Author Archives: Uchenna

About Uchenna

I am Uchenna Ekweremadu (with/out a middle name ). I write. Poetry and prose, mainly. Nonfiction too. My works have appeared in Grub Street, Coe Review, Saraba Magazine, Imitation Fruit Journal, The Write Room, Wilderness House Literary Review, A&U American AIDS Magazine, Kalahari Review, Sentinel Nigeria Literary, Flashquake and elsewhere. I have interests in music, photography and in ANY OTHER BUSINESS.

2017 AMLA Workshop: Call for Applications

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GOODBYE TO THE AGE OF WHISTLING.

Today, technology is shaping our lives faster than forces of nature have done centuries. I have no doubt that even though my father’s whistling skill survived the age of the portable audio players such as the Sony Walkman, it couldn’t have survived the age of the more sophisticated digital players such as the iPod. Continue reading

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SEX WORKERS: A Marginalised Group in Nigerian Literature.

There is hardly any other group that has been – and continues to be – underrepresented in Nigerian literature than sex workers. The marginalization of this class is so obvious that one would think that every new Nigerian writer passes … Continue reading

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THE BURDEN OF POETISING (Part 2)

Perhaps, asking the question “Where do unexplored and unexploited talents go?” is like wondering where the fire goes once the candle is put out. Yet, what happens when artists renege on their duties? Does the Muse take back her abilities and pour them on a more co-operative medium, or do the abilities follow the artist to the grave? In order words, would the world still have had the Sonnets, Divine Comedy or the Iliad whether or not there were some Shakespeare, a Dante or a Homer? Continue reading

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THE BURDEN OF POETISING (Part 1)

Although no single language is complete enough to represent everything whether abstract or concrete, Noam Chomsky believes that it is possible to say and understand a virtually unlimited number of new things if one masters how to play by the rules governing word combination. In other words, to make infinite use of the finite number of words in one’s vocabulary, one must understand the patterning that underlies their combination. Continue reading

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ARTS AS A TOOL FOR SOCIAL CHANGE: REVIEW OF DUMEBI EZAR EHIGIATOR’S WRECKED

Narrated by a somewhat intrusive omniscient, WRECKED is proof of how fluid life can be; how dynamic human nature is and what very little effort it takes to make the world a better place. Like the major character in the book, the author has no doubt contributed her own quota to re-making the world by equipping specifically the girl-child with such a book of case studies as WRECKED. Continue reading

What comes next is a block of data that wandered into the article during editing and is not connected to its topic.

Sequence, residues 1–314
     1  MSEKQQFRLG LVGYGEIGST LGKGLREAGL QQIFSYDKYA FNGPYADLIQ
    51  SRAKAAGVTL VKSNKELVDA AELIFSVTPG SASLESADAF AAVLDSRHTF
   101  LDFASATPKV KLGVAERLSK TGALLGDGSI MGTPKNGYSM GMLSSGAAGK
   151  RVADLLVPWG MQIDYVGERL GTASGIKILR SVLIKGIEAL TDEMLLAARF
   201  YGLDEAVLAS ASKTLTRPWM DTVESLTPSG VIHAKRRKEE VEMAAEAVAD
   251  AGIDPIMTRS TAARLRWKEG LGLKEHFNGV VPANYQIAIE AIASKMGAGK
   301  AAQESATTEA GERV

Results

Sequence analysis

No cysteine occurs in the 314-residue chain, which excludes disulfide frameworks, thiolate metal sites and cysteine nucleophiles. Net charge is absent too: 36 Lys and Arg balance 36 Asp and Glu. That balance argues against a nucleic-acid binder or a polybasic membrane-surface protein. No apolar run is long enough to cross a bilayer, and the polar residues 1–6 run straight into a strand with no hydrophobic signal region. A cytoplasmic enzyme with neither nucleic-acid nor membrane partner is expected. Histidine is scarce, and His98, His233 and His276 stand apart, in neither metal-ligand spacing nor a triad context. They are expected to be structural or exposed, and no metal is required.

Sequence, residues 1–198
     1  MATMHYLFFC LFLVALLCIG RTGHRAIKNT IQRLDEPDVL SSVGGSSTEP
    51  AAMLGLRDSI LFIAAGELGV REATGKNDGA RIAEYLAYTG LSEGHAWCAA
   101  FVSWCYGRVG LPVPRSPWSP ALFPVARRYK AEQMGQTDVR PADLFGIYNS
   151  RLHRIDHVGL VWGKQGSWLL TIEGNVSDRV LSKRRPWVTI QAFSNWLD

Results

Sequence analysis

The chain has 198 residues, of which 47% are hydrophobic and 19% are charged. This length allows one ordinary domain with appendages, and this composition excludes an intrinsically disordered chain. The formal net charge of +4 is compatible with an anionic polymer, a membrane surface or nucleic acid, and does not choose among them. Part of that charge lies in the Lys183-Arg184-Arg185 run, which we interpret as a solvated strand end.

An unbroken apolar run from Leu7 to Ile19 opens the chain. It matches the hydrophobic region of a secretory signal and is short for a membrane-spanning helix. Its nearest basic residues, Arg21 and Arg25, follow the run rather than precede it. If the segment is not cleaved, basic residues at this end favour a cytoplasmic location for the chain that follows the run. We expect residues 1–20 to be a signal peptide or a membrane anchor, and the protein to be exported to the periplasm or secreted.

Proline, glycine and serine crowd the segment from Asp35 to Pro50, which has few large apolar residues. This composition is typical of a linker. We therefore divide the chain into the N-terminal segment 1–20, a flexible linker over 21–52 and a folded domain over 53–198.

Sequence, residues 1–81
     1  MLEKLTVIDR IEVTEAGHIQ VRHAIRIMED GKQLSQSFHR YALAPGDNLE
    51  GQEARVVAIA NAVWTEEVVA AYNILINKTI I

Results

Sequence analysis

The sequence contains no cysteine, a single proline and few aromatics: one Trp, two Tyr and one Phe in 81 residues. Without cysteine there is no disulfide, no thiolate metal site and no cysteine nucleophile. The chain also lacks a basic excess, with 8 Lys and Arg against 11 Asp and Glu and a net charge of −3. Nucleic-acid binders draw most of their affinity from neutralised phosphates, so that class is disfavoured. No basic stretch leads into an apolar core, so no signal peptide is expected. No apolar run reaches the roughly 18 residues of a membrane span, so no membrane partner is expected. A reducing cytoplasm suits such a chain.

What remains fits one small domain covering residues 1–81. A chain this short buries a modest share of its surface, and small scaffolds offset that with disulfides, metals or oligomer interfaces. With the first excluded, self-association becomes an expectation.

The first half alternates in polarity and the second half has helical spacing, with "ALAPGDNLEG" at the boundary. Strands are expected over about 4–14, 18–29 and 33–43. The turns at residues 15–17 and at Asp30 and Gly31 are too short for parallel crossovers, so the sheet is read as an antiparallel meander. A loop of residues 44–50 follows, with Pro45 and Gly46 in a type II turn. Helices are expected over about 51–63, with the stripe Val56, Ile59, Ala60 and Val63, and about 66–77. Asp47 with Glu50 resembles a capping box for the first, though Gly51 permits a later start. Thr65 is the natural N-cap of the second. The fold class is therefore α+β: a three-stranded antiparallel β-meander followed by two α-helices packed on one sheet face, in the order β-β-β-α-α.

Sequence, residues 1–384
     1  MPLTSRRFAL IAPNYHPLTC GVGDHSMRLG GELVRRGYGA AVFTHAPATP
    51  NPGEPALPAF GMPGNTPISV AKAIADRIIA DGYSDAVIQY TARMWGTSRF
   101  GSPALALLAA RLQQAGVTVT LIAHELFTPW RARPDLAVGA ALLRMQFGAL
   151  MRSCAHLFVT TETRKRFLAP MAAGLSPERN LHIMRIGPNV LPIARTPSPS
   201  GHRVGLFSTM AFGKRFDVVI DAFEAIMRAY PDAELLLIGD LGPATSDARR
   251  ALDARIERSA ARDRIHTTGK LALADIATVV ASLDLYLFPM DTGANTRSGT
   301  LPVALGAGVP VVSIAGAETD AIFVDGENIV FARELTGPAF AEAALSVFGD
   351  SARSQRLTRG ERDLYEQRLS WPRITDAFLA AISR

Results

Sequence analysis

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Psychoanalysing Abubakar Adam Ibrahim’s Season of Crimson Blossoms

Season of Crimson Blossoms is another complex story told in the most simplest of form. In summary, the story is about Hajiya Binta whose withering life finally gets to blossom at age fifty-five when she starts going to bed with … Continue reading

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DANTALA, THE CAT WITH NINE LIVES: A Review of Elnathan John’s Born on a Tuesday

Title: Born on a Tuesday Author: Elnathan John Publisher: Cassava Republic Number of pages: 261 Year of publication: 2015 Category: Fiction The problem with such books as Elnathan John’s Born on a Tuesday is that they set higher standards for … Continue reading

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WHEN THE GODS ARE SLOW TO ACT: A Review of Friday John Abba’s Alekwu Night Dance

Title: Alekwu Night Dance Author: Friday John Abba Publisher: Write Words Consulting Number of pages: 115 Year of publication: 2013 Category: Play A member of Council, a supposed pillar in the land, is driven by nothing short of envy and … Continue reading

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THE ILLUSION OF THE ‘HEALTHY IMMIGRANT’: A Note on Rudolf Ogoo Okwonko’s This American Life Sef

Title: This American Life Sef Author: Rudolf Ogoo Okonkwo Publisher: Winepress Publishing Number of pages: 94 Year of publication: 2016 You behold America the beautiful. The triple-decker burger and the giant cup of coke and cars that are wider than … Continue reading

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